An interdisciplinary approach to understanding antimicrobial use on sheep and beef farms in the UK

Doidge, Charlotte (2021) An interdisciplinary approach to understanding antimicrobial use on sheep and beef farms in the UK. PhD thesis, University of Nottingham.

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Abstract

There is currently a lack of evidence on: how antimicrobials are used on sheep and beef farms in the UK, the presence of antimicrobial resistance in sheep and beef cattle, and farmer and veterinarian decision-making around antimicrobial use in sheep and beef cattle. This thesis comprises of seven studies which attempt to address these evidence gaps using a multidisciplinary, mixed-methods approach.

Study 1 used a mixed-methods approach to evaluate farmers' antimicrobial recording against the contents of medicine bins. Results showed that the medicine records may be inaccurate and measured less antimicrobials than the medicine bins. Study 2 used disk diffusion testing and different interpretation methods to identify patterns of antimicrobial resistance on sheep and beef farms in England and Wales. The key findings were that antimicrobial resistance appears to be low, and the use of species-specific cut-off values may be more appropriate for interpretation of non-susceptible isolates compared with clinical breakpoints. Study 3 was a factorial survey to assess the factors that influence veterinarians' decisions to prescribe antimicrobials to sheep and beef farmers. The main finding was that confidence in the farmer's judgement of disease had the largest influence on the veterinarians' decision to prescribe.

The final four studies investigated farmers' decision-making around antimicrobials. Study 4 was a survey of beef farmers in England and Wales. The key conclusion was that although self-reported antimicrobial use appeared to be low, some gaps in farmers' knowledge around antimicrobial use were identified. Study 5 was a survey of sheep farmers in the UK. The important findings were that farmers' who carried out traditional practices and did not carry out modern practices were more likely to have attitudes towards antimicrobials that do not align with current recommendations. Study 6 used a mixed-methods approach to understand why farmers use, or do not use, prophylactic antimicrobials to prevent neonatal lamb diseases. Key findings were that oral antimicrobials were dissociated from parenteral antimicrobials and farmers perceived that control of neonatal disease was due to luck or chance. Farmers who used antimicrobials for treatment of disease were influenced by social pressures; whereas, farmers who routinely used prophylactic antimicrobials did so due to anticipated regret and experiential avoidance. Study 7 used qualitative interviews to understand sheep and beef farmers' perceptions of risk around antimicrobial use and resistance. The main findings were that respondents reported not having the technical knowledge and skills needed to measure antimicrobial use and resistance and were concerned that reducing their antimicrobial use would have negative consequences. Farmers put the responsibility for managing antimicrobial use on their veterinarian and blamed other farmers for antimicrobial resistance.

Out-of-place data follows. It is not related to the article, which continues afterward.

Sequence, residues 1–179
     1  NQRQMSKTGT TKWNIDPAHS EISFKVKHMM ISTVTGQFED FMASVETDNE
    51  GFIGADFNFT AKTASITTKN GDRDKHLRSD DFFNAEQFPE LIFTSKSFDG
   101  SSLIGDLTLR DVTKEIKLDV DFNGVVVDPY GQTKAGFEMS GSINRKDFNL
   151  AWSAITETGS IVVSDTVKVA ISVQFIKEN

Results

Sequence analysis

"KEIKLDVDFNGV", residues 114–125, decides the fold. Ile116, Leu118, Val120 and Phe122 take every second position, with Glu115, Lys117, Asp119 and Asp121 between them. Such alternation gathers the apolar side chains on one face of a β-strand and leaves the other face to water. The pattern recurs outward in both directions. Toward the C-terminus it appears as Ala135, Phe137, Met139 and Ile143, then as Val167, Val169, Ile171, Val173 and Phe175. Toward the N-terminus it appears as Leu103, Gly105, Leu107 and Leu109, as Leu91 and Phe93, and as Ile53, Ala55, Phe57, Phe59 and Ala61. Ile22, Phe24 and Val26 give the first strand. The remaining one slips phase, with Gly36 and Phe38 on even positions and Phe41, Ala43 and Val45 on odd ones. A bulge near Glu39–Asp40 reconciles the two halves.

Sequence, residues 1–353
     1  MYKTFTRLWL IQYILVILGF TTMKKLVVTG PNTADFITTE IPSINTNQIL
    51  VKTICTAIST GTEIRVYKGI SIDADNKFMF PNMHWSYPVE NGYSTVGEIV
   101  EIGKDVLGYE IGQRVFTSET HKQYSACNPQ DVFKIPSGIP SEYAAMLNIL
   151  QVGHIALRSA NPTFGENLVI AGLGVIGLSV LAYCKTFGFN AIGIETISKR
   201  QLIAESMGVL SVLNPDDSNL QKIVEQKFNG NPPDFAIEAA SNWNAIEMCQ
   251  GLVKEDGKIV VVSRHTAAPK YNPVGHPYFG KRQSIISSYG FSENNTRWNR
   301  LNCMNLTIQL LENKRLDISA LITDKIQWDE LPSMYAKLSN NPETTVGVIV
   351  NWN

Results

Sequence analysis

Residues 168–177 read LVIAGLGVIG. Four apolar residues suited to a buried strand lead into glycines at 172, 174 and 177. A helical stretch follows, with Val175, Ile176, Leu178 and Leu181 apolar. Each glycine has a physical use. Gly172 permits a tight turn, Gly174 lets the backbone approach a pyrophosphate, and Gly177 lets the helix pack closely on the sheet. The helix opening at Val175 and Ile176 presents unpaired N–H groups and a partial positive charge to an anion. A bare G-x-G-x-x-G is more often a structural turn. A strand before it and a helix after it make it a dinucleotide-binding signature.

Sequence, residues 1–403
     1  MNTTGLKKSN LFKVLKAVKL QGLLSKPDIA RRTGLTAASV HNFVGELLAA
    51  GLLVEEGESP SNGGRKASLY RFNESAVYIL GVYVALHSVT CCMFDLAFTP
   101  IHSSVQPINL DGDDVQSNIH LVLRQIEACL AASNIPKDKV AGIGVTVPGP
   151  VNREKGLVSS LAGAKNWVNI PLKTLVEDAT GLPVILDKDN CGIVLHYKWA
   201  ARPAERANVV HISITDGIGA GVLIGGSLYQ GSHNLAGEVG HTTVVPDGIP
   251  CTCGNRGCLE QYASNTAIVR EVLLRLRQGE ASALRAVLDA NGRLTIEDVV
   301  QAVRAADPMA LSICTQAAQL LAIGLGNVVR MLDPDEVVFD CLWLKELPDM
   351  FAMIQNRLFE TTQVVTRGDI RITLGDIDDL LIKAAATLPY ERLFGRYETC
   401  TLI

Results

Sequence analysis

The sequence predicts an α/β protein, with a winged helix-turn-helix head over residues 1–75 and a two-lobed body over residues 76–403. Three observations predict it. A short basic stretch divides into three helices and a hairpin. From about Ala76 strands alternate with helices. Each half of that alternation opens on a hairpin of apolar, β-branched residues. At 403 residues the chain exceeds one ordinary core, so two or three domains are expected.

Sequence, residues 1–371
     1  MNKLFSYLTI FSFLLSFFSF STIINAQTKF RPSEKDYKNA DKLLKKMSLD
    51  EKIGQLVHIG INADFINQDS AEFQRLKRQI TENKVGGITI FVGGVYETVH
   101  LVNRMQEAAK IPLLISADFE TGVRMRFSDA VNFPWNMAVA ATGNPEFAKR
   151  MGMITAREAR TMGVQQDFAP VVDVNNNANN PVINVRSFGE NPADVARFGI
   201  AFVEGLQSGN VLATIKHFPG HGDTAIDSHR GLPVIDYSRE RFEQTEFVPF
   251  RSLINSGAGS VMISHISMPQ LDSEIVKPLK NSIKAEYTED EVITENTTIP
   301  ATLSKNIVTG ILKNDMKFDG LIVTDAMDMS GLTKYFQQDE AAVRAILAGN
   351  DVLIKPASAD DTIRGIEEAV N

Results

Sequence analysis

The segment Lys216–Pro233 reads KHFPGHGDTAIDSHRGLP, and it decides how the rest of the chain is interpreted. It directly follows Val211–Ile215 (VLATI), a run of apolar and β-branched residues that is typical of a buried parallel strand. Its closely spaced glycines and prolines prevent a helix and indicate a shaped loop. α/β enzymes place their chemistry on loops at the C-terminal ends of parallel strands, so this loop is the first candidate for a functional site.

Across the studies, the importance of recording and interpreting data was highlighted as a common theme. Common factors which influenced farmers' decision-making were also identified including: identity, experience, social norms, capability, responsibility and emotion. Further research should seek to incorporate these decision-making factors into behaviour-change interventions to improve farmers' antimicrobial use behaviours. The findings of this research have important industry and policy implications in terms of how antimicrobial use targets are set and how antimicrobial use and resistance should be measured on sheep and beef farms.

Item Type: Thesis (University of Nottingham only) (PhD)
Supervisors: Kaler, Jasmeet
Hudson, Chris
Lovatt, Fiona
Keywords: Antimicrobial use, Antimicrobial resistance, Sheep, Beef, Decision making
Subjects: S Agriculture > SF Animal culture
Faculties/Schools: UK Campuses > Faculty of Medicine and Health Sciences > School of Veterinary Medicine and Science
Item ID: 66181
Depositing User: Doidge, Charlotte
Date Deposited: 31 Dec 2021 04:40
Last Modified: 31 Dec 2021 04:40
URI: http://eprints.nottingham.ac.uk/id/eprint/66181

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